Star Trek: Discovery Review – ‘Su’Kal’


Wow, who would’ve thought that a holodeck-malfunction episode would prove to be the strongest outing to date for Discovery Season 3? Though technically, the holographic environment in “Su’Kal” isn’t malfunctioning because of the usual old TNG-era reasons, but rather because it’s been doing what it was designed to do for over a century and is finally just falling apart from wear and tear.

Star Trek: Discovery – Season 3 Photos: “Su’Kal”

That the revelation of what caused The Burn is also finally provided to us here — or at least seems to be — and that it wasn’t some evil aliens behind that devastating event, but rather just what must’ve been a lost and scared child, is part of the appeal of this hour. (I’m guessing that it was the death of Su’Kal’s mother that prompted him to trigger The Burn, but we’ll have to wait until at least next week to find out if that’s correct or not.) But I’m getting ahead of myself.

There’s a lot crammed into this week’s cold open, including: picking up right where we left off at the Goodbye Georgiou Cocktail Hour; the return of a sheepish Gray (Ian Alexander) — let’s face it, being a dead Trill that no one can see aside from your ex must be a bummer; the reveal that it must be a Kelpien child who has somehow survived on the ship that’s been stranded in the Verubin Nebula; Saru (Doug Jones) almost risking the ship unnecessarily; Book getting radiation sickness while probing the area; and the discovery of a dilithium planet inside the nebula. All before the opening credits!

Yeah, they’re doing a lot in this hour, but it winds up feeling like a true “planet of the week” (or two weeks, as the case may be) Star Trek story that also ties seamlessly in with the season’s bigger arc. One issue I’ve had with the show this year has been its quest-style storylines, where the crew would have to find one clue each week that would get them a little closer to solving the mystery of The Burn. But now, with just three episodes left to the season, we’re finally getting to the nitty-gritty of it all.

An away team consisting of Saru, Burnham (Sonequa Michael-Green), and Dr. Culber (Wilson Cruz) heads down to look for the “child,” who is certainly not going to be a child at this point. But as it turns out, Su’Kal may be a century old or more, but he has the mind of a child essentially. Played by the great Bill Irwin, Su’Kal has spent most of his life on his ship’s holodeck, which was programmed by his mother to raise him and school him as best it could. Over time, as the ship’s condition has deteriorated in the dangerous environment of the nebula, the holographic babysitters and teachers have become glitchy even as Su’Kal has lost his grasp on what’s real and what isn’t — if he ever had a grasp that is.Mary Wiseman as Tilly, Doug Jones as Saru and Sonequa Martin-Green as Burnham

Mary Wiseman as Tilly, Doug Jones as Saru and Sonequa Martin-Green as Burnham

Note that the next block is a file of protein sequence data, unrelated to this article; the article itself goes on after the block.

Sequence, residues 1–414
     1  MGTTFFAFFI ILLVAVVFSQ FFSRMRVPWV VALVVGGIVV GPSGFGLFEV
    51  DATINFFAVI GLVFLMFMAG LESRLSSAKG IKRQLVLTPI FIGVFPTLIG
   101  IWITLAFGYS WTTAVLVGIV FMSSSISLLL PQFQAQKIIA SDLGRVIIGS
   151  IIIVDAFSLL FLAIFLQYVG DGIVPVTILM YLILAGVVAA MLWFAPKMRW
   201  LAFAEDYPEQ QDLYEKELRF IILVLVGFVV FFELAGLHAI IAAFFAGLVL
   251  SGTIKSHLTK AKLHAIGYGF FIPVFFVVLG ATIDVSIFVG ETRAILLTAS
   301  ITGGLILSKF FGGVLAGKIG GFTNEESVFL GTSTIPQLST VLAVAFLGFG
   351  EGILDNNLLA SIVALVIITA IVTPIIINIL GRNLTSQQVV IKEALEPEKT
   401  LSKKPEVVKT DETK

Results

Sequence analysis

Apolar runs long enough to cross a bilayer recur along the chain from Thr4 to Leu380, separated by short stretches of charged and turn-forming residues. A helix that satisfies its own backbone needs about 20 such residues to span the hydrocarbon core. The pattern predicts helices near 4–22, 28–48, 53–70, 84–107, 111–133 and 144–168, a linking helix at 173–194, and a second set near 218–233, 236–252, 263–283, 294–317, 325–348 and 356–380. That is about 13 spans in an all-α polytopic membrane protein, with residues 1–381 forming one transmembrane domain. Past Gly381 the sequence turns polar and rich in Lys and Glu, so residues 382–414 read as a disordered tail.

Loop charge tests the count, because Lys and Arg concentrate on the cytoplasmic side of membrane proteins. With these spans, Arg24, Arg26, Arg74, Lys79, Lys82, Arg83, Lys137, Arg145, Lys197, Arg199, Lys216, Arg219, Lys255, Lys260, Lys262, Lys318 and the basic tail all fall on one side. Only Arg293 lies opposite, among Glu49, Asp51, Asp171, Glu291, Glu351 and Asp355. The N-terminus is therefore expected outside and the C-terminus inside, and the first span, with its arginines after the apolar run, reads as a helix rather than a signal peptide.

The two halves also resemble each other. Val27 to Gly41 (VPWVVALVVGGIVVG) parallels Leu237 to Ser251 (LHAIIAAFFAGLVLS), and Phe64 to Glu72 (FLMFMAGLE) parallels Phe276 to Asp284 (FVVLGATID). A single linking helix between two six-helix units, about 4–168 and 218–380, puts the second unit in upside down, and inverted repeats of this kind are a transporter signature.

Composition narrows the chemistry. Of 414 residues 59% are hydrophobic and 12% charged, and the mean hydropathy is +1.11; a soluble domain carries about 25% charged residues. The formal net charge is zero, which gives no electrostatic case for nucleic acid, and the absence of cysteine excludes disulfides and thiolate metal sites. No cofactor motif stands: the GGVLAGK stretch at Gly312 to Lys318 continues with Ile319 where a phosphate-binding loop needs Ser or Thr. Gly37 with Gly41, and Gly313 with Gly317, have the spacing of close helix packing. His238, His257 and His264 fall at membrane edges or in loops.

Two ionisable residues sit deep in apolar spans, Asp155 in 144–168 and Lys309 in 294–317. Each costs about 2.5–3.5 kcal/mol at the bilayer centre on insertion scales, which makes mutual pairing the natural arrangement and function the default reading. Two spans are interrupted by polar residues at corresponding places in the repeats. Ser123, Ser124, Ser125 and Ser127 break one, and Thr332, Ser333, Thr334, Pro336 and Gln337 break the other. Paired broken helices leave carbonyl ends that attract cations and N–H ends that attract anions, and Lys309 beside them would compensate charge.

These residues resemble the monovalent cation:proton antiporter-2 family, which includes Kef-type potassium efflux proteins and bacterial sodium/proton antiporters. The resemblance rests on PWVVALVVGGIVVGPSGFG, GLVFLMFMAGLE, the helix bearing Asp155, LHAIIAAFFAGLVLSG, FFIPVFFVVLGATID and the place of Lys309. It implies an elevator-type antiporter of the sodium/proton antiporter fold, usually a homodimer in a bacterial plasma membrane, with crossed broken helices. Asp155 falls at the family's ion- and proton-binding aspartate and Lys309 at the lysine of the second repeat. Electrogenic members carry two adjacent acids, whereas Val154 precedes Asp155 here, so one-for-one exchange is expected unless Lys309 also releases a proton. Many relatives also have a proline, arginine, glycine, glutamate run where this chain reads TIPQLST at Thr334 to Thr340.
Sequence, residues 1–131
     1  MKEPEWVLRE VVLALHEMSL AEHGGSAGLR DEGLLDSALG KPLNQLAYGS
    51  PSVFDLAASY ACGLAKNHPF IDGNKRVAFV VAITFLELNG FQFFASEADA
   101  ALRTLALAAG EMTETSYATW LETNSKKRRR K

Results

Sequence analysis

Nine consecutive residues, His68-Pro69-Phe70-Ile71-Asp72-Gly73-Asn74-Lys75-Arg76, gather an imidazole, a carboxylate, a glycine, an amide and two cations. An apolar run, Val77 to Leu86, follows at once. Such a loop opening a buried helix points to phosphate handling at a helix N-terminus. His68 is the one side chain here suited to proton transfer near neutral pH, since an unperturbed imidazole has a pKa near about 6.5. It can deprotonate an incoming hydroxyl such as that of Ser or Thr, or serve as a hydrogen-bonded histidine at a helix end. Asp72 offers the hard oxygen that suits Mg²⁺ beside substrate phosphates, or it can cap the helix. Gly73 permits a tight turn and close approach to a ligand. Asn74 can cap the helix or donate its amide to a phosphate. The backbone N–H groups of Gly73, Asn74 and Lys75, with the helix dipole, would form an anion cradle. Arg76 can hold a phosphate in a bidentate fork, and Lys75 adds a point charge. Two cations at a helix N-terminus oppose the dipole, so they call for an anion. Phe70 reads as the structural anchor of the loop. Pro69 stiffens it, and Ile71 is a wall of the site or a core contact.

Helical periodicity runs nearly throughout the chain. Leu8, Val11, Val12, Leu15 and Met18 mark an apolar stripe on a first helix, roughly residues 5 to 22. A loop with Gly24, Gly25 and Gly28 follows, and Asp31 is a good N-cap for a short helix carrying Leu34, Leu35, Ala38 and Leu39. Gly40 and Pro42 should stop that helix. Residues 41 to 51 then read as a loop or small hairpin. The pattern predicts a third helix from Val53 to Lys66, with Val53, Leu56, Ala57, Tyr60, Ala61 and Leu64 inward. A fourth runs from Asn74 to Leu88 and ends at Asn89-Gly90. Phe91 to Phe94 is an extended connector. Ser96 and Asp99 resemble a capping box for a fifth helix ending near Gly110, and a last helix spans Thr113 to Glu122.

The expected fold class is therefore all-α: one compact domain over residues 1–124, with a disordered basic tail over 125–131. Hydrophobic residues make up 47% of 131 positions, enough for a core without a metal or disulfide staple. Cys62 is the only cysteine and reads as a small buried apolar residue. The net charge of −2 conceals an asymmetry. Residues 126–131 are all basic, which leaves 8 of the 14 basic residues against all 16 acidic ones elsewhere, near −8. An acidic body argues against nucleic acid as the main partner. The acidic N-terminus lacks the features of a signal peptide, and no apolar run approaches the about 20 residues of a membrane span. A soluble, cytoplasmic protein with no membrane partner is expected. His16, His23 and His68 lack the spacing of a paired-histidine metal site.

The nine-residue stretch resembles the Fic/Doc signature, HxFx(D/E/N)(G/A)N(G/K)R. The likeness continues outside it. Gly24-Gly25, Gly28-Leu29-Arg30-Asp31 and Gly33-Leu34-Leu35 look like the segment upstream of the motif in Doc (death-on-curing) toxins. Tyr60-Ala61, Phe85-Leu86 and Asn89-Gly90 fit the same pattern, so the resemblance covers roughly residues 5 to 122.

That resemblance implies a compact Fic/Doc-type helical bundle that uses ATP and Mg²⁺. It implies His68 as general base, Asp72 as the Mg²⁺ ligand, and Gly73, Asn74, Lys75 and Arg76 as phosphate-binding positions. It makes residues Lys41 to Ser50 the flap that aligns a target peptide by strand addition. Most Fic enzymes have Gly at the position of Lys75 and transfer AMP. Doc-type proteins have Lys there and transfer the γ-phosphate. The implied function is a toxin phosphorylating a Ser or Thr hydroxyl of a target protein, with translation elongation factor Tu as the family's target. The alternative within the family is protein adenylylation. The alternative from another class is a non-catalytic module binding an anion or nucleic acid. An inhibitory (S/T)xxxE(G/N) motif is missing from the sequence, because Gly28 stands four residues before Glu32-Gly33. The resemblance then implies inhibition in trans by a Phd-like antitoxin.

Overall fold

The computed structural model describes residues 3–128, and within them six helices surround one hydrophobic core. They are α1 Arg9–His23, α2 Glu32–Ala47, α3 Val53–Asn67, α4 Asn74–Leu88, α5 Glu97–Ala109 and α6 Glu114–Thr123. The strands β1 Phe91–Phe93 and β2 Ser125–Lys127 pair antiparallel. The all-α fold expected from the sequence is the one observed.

It’s not that he doesn’t know that he’s interacting with holos, but when confronted by the Disco trio — real, live people — he can’t comprehend it, so much so that Michael must pretend to be a holo. And on top of that, the entire, vast holographic realm is inhabited by ghostly beings which may or may not be real. The environment, the creatures, and even the specific tics of the malfunctioning holograms all combine to make for an episode with a distinct feel and a huge scope.

This holo-framework also gives the Disco team the chance to mix things up on the makeup front, making Burnham a Trill, Culber a Bajoran, and Saru… a human. It’s a fun twist to the episode to see the gang with these looks, and Doug Jones surely loved shooting this episode and not having to put the Kelpien rubber on. But he’s still Saru no matter how human he looks.

Which doesn’t mean that Saru is a great captain, because he increasingly seems to not be. Sure, this mission means a lot to him on a deeper level because of the Kelpien Su’Kal, but his hesitancy at making decisions and his inability to see the forest for the trees on both the bridge and the away mission is damning. Does Burnham become captain by the end of this season at this rate? I wouldn’t rule it out. That said, Jones has some great moments, as when he cuddles up next to the lullaby-singing Kelpien grandfather, or even just the look in his eyes when he first encounters Su’Kal.

Meanwhile, Tilly (Mary Wiseman) takes the center seat as acting Captain, and she does really well even after Osyraa (Janet Kidder) shows up. But when Su’Kal activates his almost-Burn, it messes everything up for the Discovery and the ship is overtaken in no time by Osyraa’s forces. Seeing her actually one-up our heroes makes the Emerald Chain’s leader feel like a true threat, which hasn’t really been the case yet this season, and what do you know? We even wind up with a cliffhanger by episode’s end. Mr. Worf… fire!Questions and Notes from the Q Continuum:

  • I wonder how Aditya Sahil is doing over on that Federation relay station. We haven’t seen him since the first episode of this season. I sure hope Burnham doesn’t forget to loop him in on things.
  • Admiral Vance: Not a fan of Tilly as Acting Captain.
  • Stamets’ not wanting Culber to go on the away team makes sense, sort of. They are Starfleet though, and risk is part of the game.
  • Michael’s advice to Tilly about taking the conn and using that metal burr under the captain’s chair’s armrest is a nice touch. Captain Georgiou’s memory lives on.
  • Presumably those ghost-like creatures are actually what’s left of the Kelpien crew, right?
  • Can we talk about the Orions’ chins?


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